Pet bylaw proposal sent back for further study

A Winnipeg city committee has sent a proposed pet bylaw back to administration, following lengthy debates on whether to license cats and allow backyard chickens, among other issues.
Proposed changes to Winnipeg's animal and pet bylaw is losing some traction, with opposition mounting against the licensing of cats. 1:40

A Winnipeg city committee has sent a proposed pet bylaw back to administration, following a lengthy debate Monday about whether to license cats and allow backyard chickens, among other issues.

The protection and community services committee spent much of Monday afternoon and evening debating the responsible pet ownership bylaw, which proposed addressing the problem of house cat overpopulation by making owners license their felines or face stiff fines.

Following hours of debate, committee chair Coun. Scott Fielding said he supports the pet bylaw except for the part regarding cat licensing.

The committeee wants more consultations on the matter, so the bylaw is being referred back to city officials, with a new report due by May.

Under the proposed bylaw, cat owners would have had to pay $15 for an annual cat licence if the cat was spayed or neutered, or $50 for cats that were not. Those who did not license their cat would be fined $250.

The Winnipeg Humane Society was originally in favour of the bylaw, but it later opposed the proposal because it no longer calls for mandatory identification or for cats six months and older to be spayed and neutered.

"The two things that I was crowing to the skies [about] on Thursday are suddenly lessened on Friday, and that I can't stand by," Bill McDonald, the society's chief executive officer, told reporters earlier in the day.

The society, along with D'Arcy's A.R.C. and other no-kill animal shelters, asked the committee to implement a subsidized, stand-alone spay and neuter clinic.

Licences, penalties not the answer, groups say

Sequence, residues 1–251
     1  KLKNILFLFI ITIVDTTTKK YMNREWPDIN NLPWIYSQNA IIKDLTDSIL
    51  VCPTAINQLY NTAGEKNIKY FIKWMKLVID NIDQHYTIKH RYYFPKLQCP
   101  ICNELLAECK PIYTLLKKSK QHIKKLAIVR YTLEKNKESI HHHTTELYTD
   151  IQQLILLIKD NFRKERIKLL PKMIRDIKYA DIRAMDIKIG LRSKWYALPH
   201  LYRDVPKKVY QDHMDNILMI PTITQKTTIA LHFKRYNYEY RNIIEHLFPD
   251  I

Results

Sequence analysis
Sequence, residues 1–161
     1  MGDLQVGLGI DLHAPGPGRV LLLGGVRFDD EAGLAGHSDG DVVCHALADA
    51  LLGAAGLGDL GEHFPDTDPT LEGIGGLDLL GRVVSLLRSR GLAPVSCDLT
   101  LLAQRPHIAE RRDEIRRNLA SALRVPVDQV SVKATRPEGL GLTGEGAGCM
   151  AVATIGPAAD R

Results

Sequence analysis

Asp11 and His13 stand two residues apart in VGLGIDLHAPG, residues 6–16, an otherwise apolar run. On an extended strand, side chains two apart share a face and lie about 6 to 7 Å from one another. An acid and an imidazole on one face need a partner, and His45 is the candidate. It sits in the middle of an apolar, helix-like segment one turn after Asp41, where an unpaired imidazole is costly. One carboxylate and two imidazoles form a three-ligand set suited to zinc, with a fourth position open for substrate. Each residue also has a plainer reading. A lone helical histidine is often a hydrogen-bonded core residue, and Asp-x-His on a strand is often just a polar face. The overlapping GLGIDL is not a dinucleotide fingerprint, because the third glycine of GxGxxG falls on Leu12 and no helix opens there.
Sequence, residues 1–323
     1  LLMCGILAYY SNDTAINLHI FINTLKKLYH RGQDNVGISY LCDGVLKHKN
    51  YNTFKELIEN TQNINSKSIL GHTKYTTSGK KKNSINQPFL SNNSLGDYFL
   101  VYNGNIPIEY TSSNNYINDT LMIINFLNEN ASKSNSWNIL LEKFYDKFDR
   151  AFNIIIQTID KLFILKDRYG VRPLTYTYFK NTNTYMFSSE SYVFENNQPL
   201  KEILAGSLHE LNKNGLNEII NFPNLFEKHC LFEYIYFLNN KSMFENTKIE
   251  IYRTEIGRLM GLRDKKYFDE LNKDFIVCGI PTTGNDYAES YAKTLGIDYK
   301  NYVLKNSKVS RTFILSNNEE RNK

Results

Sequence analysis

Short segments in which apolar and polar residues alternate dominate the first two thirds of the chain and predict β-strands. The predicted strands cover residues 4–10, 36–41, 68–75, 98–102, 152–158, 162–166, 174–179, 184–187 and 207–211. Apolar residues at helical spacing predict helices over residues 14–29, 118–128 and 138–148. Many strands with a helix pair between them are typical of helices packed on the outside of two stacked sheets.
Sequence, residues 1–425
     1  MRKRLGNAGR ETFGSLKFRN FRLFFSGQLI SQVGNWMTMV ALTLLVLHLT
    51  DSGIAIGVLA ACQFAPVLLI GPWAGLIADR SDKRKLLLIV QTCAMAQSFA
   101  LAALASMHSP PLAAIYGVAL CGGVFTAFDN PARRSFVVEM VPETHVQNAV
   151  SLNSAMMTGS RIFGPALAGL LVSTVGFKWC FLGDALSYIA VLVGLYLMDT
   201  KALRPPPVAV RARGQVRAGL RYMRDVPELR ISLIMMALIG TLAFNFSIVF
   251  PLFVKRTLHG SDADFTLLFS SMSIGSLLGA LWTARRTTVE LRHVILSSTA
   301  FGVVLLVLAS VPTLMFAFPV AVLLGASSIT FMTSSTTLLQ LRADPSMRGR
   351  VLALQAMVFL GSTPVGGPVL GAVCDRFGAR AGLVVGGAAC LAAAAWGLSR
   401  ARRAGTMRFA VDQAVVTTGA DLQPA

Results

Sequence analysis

The groups argued that cat licensing alone would not control the large cat population, with the humane society saying thousands of animals had to be put down last year.

The shelter officials added that penalizing responsible pet owners was not the answer.

The bylaw had proposed that 100 per cent of the revenue be directed to the Winnipeg Humane Society to expand spay and neuter programs.

But a group called Citizens Helping to End the Cat Crisis says the revenue generated by licensing fees should not go to the humane society.

Instead, the money be directed back to animal services to address the cat overpopulation problem, said Elizabeth Labelle, a member of the group.

"If the humane society cannot keep up with the cats that they're already supposed to be spaying and neutering through the program, how are they possibly going to handle all the thousands that need to be spayed and neutered through the city's proposal? I don't think that's possible," Labelle said.

Pet store owners also spoke out against the proposed bylaw, which would ban the sale of cats and dogs in stores.

The store owners told the committee that the bylaw gives a public perception that they sell cats that are not spayed or neutered.

Backyard chickens

Another part of the proposed bylaw that sparked debate was a ban on the raising of chickens within city limits.

A group of urban poultry proponents asked councillors to change the bylaw to allow any Winnipeg homeowner to keep chickens in their backyards.

The bylaw suggests "urban chicken keeping in Winnipeg will be allowed only in areas that are agriculturally zoned due to potential food safety, humane and neighbourhood livability issues."

But the Winnipeg Urban Chicken Association is upset and says fears that chickens are noisy and smelly are unfounded.

"I think that maybe they haven't done their research; that they're just following the mis-based fears," said WUCA member Jen Funk.

The Winnipeg Humane Society is siding with the city on this part of the proposed bylaw, recommending against the backyard chicken activity. It worries that some people won't know how to raise the birds humanely.